School Psychology Training and Pedagogy
Official journal of the Trainers of School Psychologists
About the Journal
SPTP, formerly known as the Trainers' Forum, is a double-masked, peer-reviewed, and indexed journal featuring original articles relevant to the preparation of school psychologists. The journal is designed for a readership of trainers who shape the field of school psychology, including graduate instructors, field supervisors, teaching assistants, and scholars.
Message from the Editors
The School Psychology Training and Pedagogy (SPTP) editorial team is excited to share their goals for the journal’s direction: (1) Advance pedagogy and training through reflection and practice; (2) Encompass the varied levels, settings, and topics represented in school psychology graduate training; and (3) Examine and respond to the sociocultural context in which training occurs. The team invites SPTP readers to join in pursuit of these goals.
2021 | Issue 38 Award Winners
General Issue | Call for Papers
SPTP is seeking articles that address anti-racist pedagogy, online teaching strategies and programming with an emphasis on lessons learned during the pandemic, and other general topic articles. More information can be found under Aims and Scope.
Special Issue | Submissions Under Review
SPTP is currently reviewing papers for a special series, Demystifying academia: Retooling hidden norms to revitalize school psychology, which will focus on ways to support school psychology faculty in the ongoing work of revitalizing, retooling, and renewing graduate training programs. The intent of this special issue is to illuminate and address hidden norms, culture, and related critical variables so that faculty can learn from one another how school psychology faculty across the country are navigating academia. Papers that focus on "Growing and Becoming" and "Learning and Navigating" are in the review process under the three Guest Editors: Pam Fenning (firstname.lastname@example.org), Sarah-Valley-Gray (email@example.com), and Abi Harris (firstname.lastname@example.org). Please feel free to reach out to the Guest Editors for additional details and timeline for publication.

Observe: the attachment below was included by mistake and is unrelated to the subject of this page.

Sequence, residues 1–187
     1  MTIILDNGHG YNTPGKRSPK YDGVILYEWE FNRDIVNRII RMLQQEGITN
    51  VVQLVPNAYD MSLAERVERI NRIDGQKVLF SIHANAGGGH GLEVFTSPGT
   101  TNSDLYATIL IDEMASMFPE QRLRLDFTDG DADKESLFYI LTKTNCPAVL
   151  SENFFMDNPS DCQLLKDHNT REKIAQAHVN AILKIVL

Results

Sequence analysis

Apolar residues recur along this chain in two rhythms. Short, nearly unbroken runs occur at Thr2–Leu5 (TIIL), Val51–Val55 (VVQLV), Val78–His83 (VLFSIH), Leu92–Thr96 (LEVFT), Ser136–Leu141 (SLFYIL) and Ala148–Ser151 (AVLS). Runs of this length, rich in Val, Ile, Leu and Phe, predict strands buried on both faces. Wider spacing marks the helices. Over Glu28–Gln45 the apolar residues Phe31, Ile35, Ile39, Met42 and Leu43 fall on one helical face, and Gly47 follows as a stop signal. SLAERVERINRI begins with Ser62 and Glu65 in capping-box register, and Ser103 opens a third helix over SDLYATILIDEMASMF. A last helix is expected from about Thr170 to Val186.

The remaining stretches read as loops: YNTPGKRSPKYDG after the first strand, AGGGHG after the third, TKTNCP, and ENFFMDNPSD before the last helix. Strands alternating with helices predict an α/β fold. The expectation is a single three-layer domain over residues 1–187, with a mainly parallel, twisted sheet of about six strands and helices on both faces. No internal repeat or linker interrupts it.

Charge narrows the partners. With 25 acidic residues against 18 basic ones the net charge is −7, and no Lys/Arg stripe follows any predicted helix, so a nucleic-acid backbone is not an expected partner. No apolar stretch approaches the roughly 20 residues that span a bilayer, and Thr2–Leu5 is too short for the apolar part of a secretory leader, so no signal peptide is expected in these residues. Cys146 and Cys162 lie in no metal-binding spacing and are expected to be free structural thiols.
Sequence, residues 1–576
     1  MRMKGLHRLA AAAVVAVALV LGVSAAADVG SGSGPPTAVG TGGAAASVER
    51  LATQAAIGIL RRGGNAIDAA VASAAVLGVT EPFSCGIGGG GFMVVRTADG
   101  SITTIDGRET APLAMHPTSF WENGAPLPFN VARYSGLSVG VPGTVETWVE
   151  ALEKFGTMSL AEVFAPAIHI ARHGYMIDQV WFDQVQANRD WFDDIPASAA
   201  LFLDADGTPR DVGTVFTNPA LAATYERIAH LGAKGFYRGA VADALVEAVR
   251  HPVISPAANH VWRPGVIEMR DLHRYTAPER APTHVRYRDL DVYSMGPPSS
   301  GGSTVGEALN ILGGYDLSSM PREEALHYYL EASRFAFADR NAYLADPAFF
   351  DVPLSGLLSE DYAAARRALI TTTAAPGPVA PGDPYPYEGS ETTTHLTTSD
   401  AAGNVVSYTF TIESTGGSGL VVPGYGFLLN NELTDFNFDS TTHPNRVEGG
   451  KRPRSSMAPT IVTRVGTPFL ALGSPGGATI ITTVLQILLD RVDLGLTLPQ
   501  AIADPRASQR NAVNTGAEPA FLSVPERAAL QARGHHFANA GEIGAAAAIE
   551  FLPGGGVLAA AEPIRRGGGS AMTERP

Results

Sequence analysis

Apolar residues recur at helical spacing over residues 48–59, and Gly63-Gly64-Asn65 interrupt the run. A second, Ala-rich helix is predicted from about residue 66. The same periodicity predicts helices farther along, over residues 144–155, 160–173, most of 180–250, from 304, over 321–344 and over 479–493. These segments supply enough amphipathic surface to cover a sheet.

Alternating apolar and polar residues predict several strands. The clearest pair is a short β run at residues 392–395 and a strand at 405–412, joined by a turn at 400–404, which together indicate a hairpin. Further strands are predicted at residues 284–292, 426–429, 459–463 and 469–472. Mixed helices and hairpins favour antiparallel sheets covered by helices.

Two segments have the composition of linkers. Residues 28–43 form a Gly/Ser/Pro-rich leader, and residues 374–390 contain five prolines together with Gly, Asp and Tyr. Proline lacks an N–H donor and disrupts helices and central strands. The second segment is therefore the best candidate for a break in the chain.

Letter from the Editors
School Psychology Training and Pedagogy, 38 (4), v.
Mandracchia, N., Ramirez, A., Panameño, S. & Sims, W. (2022). Student and faculty perspectives: Multicultural training in school psychology programs. School Psychology Training and Pedagogy, 38 (4), 1-13.
Parker, J. S., Castillo, J. M., Gills, P. & Troutman, A. (2022). School psychologists’ perspectives and experiences regarding learning to be culturally responsive. School Psychology Training and Pedagogy, 38 (4), 14-31.
Lampropoulou, A. (2021). School psychologists in atypical settings: Important considerations and implications for practice and training. School Psychology Training and Pedagogy, 38 (4), 32-42.
Powers, K. & Priede, A. (2022). Effect size guidelines for school psychology candidates training in problem-solving single-case design. School Psychology Training and Pedagogy, 38 (4), 43-53.
Erion, J., Snyder, E. & Ferraro, M. (2022). Moving from face-to-face to hybrid school psychology training: Impact on student enrollment, demographics, and outcomes. School Psychology Training and Pedagogy, 38 (4), 54-66.
Deni, J., Powers, E. M., Sams, A., Black, H. & Baker, E. R. (2022). An exploratory study of shortages in the field of school psychology. School Psychology Training and Pedagogy, 38 (4), 67-84.
Past Issue Author Spotlights
Williams, S., Cooper, J., & Shriberg, D. (2021). Social justice, anti-racism and school psychology: Reconciling with our past to build an equitable future. School Psychology Training and Pedagogy, 38 (1), 1-10
Castro-Villarreal, F., Sullivan, J. & Villarreal, V. (2021). Social justice training in school psychology through a university-school service learning partnership. School Psychology Training and Pedagogy, 38 (1), 11-23
Rinke, C. R., Williams, S. A. S., Conlin, V. & Coshal, S. (2021) Shaping an inclusive higher education curriculum: Building capacity for transformational change. School Psychology Training and Pedagogy, 38 (1), 24-36